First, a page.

In this post on the EMPATIC project seminar on Information Literacy (IL) in the Schools Sector, held in Krakow, Poland on 8 June, I will report on the talk by Hanna Batorowska, who had led a long term and successful initiative in school libraries.
Batorowska (Krakow Pedagogical University) talked about Information Literacy Development in Schools. She started by tracking the development of the Polish concept of information literacy (IL). She saw it as both a research area and a set of skills (which meant developing awareness of information competencies). Development of IL policy depended on developing the concept of IL, and she advocated a wider understanding of IL as a discipline. In Polish there are many terms that are used in the area of information and digital literacy, but she stressed that IL was not just about digital matters. She thought the sociological and political aspect was important to develop policy in the area. She talked about some Polish commentators. Waldemar Furmanek, for example, took an IT approach, which she did not agree with. She advocated the concept of Information Literacy which stresses Information Culture (she used the Polish term Kultura Informacyna for IL) . She also mentioned the continuum model of information by Katarzyna Materska.
Batorowska talked about how information literacy was approached in one region of Southern Poland, which she was using as an inspiring case study. She felt that IL initiatives should be created from grass roots, regionally (rather than taking a top-down, one-size-fits-all approach). The initiative she described included giving IL education to trainee teachers (including IL projects), to produce a generation of teachers who could understand IL. The initiative also needed the cooperation of the local authorities (in charge of education) and they had been very supportive. They also had support from the Ministry of Education, particularly in the area of digital literacy. There was cooperation with other agencies, such as local museums. They had organised were national and regional activities, which helped to develop a lobby for information literacy.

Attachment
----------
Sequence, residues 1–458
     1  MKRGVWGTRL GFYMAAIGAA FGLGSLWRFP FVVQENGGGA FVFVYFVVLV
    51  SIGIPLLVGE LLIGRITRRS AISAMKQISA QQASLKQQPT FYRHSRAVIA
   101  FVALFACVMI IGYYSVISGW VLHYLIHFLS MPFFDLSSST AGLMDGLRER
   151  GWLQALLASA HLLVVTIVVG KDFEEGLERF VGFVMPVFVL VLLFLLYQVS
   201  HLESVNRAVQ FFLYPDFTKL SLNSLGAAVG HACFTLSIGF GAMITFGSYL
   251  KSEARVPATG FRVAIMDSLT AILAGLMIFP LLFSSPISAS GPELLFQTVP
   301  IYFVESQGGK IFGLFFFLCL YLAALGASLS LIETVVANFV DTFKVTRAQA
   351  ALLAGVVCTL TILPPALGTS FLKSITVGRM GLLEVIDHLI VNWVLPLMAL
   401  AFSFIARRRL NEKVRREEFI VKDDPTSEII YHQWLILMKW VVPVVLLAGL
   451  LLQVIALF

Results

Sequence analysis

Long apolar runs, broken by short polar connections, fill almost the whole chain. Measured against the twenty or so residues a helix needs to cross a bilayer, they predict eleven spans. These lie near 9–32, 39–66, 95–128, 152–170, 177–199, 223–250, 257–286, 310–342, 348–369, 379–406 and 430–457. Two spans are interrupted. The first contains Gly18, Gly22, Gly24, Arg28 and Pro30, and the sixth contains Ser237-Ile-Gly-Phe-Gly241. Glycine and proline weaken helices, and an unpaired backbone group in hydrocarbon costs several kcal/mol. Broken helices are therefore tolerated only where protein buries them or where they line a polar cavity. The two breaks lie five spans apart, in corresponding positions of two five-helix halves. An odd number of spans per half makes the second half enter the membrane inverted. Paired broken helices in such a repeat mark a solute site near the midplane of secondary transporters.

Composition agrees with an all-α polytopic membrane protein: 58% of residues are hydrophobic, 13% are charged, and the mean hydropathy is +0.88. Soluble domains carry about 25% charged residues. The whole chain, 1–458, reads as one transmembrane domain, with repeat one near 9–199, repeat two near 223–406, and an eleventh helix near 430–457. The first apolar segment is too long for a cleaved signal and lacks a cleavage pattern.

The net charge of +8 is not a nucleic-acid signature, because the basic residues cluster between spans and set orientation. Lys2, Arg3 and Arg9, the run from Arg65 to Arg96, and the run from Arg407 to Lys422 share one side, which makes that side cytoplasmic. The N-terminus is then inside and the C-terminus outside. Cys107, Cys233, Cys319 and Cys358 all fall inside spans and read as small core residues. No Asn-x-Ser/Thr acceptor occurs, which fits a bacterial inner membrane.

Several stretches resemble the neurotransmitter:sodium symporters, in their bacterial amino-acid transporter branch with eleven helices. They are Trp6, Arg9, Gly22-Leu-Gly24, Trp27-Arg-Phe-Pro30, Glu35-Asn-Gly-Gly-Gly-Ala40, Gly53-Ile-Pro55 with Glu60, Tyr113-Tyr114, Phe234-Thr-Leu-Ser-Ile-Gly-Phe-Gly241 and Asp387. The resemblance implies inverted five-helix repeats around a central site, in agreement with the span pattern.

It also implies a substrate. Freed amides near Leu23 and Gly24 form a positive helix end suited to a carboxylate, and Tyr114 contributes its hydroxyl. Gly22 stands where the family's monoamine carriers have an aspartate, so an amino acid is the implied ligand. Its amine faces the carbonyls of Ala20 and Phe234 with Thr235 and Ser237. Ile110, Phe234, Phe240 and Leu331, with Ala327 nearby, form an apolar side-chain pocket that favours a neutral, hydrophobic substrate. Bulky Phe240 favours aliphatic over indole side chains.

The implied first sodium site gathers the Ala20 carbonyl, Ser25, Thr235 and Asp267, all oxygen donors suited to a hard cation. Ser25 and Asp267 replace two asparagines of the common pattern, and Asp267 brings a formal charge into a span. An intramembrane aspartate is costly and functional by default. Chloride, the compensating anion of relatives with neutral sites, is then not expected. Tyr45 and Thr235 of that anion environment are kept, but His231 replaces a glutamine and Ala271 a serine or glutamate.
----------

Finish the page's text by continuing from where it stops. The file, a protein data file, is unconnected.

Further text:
Batorowska felt that you could only implement a good IL strategy when you had prepared the ground strategically. All of the initiatives she described took 10 years to fulfill: this was a long-term, not a “quick fix”, approach. It had been particularly important to find a Head of School who realised the importance of IL, though having official funding to support the library activities (focused around a new multimedia library) was also vital, as was development of IL-aware teachers. Promotion and development were active and ongoing, with a lot of publicity for the new & information literacy activities, including in the local press.
One of Batorowska's publications is:
Batorowska, H. (2009) Kultura informacyjna w perspektywie zmian w edukacji. Stowarzyszenia Bibliotekarzy Polskich. ISBN: 978-83-61464-10-5 (which Google translates as: Information culture [I think that should be "Information Literacy"] in the perspective of changes in education)